The BankBeds are a new addition this year, and honestly a nice one. Canting is pretty much the norm with bindings, and if you have bad knees, they appear to help the cause. That however is probably preference dependent, and may not be the case with everyone. I’ve always ridden a 2.5 cant when I could and found the Flow BankBeds pretty nice. Thick pads, with little OC Kush gel pads integrated to help with response, and cushy feeling. They seemed to help provide some dampening without making the board feel like a plank. Nice touch indeed.
One area I noticed a change, that I’m not so hip on yet, was the removal of the “latch” lock on the back of the highbacks. The new design simply relies on pressure to lock the handle in place. I didn’t really mind this much until I took a light, and I mean very light bail, and noticed that both highbacks on my NX2-RS’s fell open. I might expect this on a gnarly bail, but not on a light fall. They haven’t dropped open since, so I’m not sure if it was a fluke, but wasn’t something I enjoyed experiencing. I really do miss the locking “latch” of the previous Flow models.
The one thing I haven’t talked much about at this point is the N.A.S.T.Y. tech that has been touted by Flow this season. On the NX2-GT’s it’s incredibly noticeable, and it is indeed also included with the NX2-RS’s. Great addition, and honestly one of my favorite features. It makes getting in and out of the bindings even easier than it may have previously been. The one caveat I noticed though is that you have to learn to set the bindings up a tad looser with N.A.S.T.Y. due to the way the strap pulls back down. Otherwise you may have issues simply kicking in, or with pressure across your boot, due to the bindings being too tight. Just my experience with them. Overall, the best feature to happen to Flow this year. As I mentioned in the previous review of the NX2-GT, Flow’s design for N.A.S.T.Y. is simple and works like a champ. They use the highback/heelcup action to lower or raise the strap, negating the need for any special levers, gadgets or black magic. Purely simple, and works great.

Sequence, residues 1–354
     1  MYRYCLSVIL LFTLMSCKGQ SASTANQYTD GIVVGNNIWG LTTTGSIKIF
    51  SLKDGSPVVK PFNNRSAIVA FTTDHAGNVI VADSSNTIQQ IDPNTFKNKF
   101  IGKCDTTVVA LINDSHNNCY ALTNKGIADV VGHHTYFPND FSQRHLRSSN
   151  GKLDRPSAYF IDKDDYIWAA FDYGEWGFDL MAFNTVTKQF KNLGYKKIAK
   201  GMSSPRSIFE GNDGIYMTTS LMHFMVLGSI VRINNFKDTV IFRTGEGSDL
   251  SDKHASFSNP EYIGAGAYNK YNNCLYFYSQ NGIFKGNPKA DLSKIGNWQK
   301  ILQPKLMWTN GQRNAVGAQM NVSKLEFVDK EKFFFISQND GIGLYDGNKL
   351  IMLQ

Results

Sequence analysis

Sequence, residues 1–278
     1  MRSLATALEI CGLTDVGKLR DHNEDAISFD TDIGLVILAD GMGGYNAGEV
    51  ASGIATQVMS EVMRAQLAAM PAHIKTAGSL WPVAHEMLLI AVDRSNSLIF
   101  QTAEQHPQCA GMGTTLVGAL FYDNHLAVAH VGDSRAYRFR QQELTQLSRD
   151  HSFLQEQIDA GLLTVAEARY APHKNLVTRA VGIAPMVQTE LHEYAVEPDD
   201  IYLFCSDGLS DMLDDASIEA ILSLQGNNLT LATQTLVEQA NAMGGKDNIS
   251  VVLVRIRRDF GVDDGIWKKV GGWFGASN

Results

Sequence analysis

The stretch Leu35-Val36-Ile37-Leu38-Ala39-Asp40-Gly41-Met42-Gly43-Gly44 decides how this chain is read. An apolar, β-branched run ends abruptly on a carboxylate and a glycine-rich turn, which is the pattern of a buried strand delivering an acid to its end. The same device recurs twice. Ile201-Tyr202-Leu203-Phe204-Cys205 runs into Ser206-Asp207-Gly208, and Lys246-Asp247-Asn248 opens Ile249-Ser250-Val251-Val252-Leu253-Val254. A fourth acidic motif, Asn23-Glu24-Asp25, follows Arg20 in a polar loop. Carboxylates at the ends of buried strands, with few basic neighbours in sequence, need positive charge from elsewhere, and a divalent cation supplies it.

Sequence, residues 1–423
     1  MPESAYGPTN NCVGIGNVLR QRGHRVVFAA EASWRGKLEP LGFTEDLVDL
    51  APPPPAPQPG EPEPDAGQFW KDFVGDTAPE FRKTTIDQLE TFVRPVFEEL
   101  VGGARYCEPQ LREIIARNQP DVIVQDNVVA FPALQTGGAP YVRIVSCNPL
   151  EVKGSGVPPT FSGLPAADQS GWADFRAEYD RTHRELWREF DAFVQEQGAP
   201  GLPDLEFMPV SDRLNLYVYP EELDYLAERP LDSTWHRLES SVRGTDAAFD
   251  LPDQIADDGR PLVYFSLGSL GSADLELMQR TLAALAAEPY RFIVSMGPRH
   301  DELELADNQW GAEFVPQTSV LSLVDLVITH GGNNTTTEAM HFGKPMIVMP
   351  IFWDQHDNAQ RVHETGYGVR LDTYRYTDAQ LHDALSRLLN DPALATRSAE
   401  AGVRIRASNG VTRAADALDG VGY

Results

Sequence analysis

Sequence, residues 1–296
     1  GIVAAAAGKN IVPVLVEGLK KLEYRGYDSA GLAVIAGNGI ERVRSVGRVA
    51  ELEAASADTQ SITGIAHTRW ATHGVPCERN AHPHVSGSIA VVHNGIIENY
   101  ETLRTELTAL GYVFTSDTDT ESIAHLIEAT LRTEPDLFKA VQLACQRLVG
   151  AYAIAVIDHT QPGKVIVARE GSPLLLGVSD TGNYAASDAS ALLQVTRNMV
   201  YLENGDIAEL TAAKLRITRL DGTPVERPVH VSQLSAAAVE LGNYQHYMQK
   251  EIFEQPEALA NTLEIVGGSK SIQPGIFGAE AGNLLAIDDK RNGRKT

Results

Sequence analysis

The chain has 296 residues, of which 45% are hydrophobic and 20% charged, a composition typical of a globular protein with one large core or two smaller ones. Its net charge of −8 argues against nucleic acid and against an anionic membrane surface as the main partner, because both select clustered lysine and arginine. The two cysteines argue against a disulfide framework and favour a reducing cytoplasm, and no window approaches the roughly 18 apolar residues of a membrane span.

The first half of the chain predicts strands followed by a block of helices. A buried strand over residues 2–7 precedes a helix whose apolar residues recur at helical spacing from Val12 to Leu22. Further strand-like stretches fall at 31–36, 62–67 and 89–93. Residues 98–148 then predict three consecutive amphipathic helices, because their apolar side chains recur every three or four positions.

To talk to a few other areas, the Highback on the NX2-RS is stiff. As you can see in the pictures they’ve included the composite fibers to stiffen up the top, providing maximum support and response. The binding is responsive, and one of my favorite bindings of the season so far. Easy to get in and out of, comfortable, and easy to adjust, it just made riding much nicer this season. There were a few quirks I didn’t care for, such as the highbacks dropping in a light fall, and I felt like the gel like cushions on the bottom of the baseplate are kind of weak in that I had snow pack in between them once.
Overall, the NX2-RS is one of my favorite bindings this season. Next season Flow has milled out the baseplates to make them lighter, which is a good thing. I’m definitely interested in getting some time on the next model to see how that milling plays into the ride etc. Good binding for the rider who likes a stiff, supportive, and response binding, that’s easy to get in and out of, even in powder. The price point can be a bit high, but you can find them on sale at this time of the year, reducing some of that out of pocket pain.
More info can be found over at Flow
*Disclaimer: I purchased these bindings from 720 Boardshop with my own funds*